Who Killed Mary What's 'Er Name? (1971)-When a local prostitute is slain in a rough, rundown part of town, the police and neighbors react with little more than a shrug. Outraged, retired boxer Mickey Isador (Red Buttons), who knew the woman slightly, decides to try and find the killer. With the aid of his daughter, he pokes around the gritty dilapidated slum looking for answers, nearly getting himself offed in the process. Low-budget film captures the ramshackle decay that had infected many parts of New York City in the late 60’s/early 70’s.

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    1. I'll have to add Saboteur to my Hitchcock list. I keep meaning to watch Rope, but then I put it off.

      I thought of Nancy Drew but I've never actually seen any of those movies, I'm just familiar with them. The other two picks I haven't seen.

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    2. Don't expect quite the same level as Rear Window with Saboteur. Not to say that it's not a terrific movie it's just that Rear Window is peak Hitchcock.

      But several things keep Saboteur at the top of the list for me. It has a smooth precision and quirkiness that I love and a climax that is pure edge of your seat brilliance.

      Then there is the fact that I adore Priscilla Lane in this. Well, I adore Priscilla Lane in pretty much everything, except “Love, Honor and Behave” one of the vilest pieces of trash I have ever had the misfortune to see!! Hitchcock had wanted Barbara Stanwyck for the role and while I love her as well Priscilla’s apple pie American blondeness was the ideal at that time which fits the thrust of the story better. She was an enormous star when cast but chose to retire once she married shortly after this and isn’t as well remembered today as she deserves to be. At least she has a bit of immortality as a Hitchcock blonde!

      I’ll be anxious to read your thoughts on it after you get the chance to see it.

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    3. Thanks for the rec! (as always) I've added it to the list.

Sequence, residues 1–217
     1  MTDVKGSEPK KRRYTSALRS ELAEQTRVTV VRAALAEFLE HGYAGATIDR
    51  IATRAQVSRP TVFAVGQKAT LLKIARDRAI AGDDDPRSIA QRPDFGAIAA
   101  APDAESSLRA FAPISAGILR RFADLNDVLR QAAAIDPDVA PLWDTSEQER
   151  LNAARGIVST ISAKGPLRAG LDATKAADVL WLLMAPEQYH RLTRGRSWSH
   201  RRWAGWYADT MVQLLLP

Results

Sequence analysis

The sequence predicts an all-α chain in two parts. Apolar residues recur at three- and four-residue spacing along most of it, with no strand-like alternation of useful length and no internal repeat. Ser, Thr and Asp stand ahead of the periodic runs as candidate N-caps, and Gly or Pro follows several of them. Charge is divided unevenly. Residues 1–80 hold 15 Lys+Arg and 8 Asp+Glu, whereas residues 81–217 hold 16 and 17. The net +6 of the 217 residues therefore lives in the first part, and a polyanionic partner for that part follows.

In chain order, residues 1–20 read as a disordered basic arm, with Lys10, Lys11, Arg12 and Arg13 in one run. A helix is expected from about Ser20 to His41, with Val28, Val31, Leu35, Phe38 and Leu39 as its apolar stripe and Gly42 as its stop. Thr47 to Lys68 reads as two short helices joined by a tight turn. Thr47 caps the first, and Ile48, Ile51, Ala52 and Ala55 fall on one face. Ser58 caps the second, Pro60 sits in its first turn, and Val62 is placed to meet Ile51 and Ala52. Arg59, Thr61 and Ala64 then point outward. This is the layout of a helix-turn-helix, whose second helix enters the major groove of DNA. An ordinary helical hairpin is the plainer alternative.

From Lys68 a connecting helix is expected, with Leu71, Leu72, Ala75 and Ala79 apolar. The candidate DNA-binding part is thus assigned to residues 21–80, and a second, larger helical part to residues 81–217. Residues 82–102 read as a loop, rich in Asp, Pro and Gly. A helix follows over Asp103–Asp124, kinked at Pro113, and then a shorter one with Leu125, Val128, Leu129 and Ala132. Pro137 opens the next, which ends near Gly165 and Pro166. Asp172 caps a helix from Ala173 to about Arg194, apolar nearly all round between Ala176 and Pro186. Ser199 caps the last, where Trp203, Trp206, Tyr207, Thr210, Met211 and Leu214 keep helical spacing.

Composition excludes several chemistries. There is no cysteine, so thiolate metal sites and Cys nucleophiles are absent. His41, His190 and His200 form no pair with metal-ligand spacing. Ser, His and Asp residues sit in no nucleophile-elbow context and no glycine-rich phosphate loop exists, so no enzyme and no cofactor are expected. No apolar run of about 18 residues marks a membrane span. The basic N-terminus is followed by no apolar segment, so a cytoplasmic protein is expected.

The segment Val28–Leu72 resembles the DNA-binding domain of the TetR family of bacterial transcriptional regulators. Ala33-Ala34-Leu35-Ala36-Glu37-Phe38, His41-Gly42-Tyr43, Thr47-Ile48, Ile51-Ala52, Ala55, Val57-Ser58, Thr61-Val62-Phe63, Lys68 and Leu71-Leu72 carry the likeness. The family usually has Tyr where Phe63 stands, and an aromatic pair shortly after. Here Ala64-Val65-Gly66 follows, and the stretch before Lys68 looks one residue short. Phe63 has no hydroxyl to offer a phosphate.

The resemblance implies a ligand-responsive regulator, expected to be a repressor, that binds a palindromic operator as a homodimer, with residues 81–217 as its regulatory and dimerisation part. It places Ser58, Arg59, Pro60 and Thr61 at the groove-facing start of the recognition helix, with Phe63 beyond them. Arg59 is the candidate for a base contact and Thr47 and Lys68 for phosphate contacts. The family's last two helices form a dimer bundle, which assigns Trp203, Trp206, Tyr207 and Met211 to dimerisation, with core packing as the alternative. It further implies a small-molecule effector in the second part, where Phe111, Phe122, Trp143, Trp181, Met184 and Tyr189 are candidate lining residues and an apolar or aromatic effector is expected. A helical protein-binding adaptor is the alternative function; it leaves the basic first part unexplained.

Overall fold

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  4. We share Rear Window! It's the first that came to my mind as it's my favourite from Hitchcock.

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  5. Rear Window is a good pick. Haven't seen the first or the last one but the premise of In the Fade sounds interesting.

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    1. In The Fade is excellent. I highly recommend it.

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  6. I've seen Harriet the Spy (I liked that film) and Rear Window (classic) but I haven't seen In the Fade but I have heard great things and I do think Diane Kruger doesn't get enough props as an actress.

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    1. I never thought much of her until I saw her in this to be honest. She's spectacular.

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  7. Glad we match on Rear Window! Oooh I've been wanting to watch In The Fade, so thanks for reminding me. I quite like Diane Kruger, I think she's quite underrated.

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    1. It's a very good movie. I wish she had gotten more attention for it.

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  8. Nice picks! I opted out of this week because I couldn't think of many. But Harriet the Spy and Rear Window would've been on my list. I think Harriet is one of the reasons why I wanted to become a writer. Loved her outfit and notebook lol.

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    1. Same! I wrote a lot of poetry as a kid so seeing someone carrying around a note book was pretty inspiring.

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  9. I totally forgot Harriet the Spy. I grew up seeing the movie and loved it. It is such a cute movie.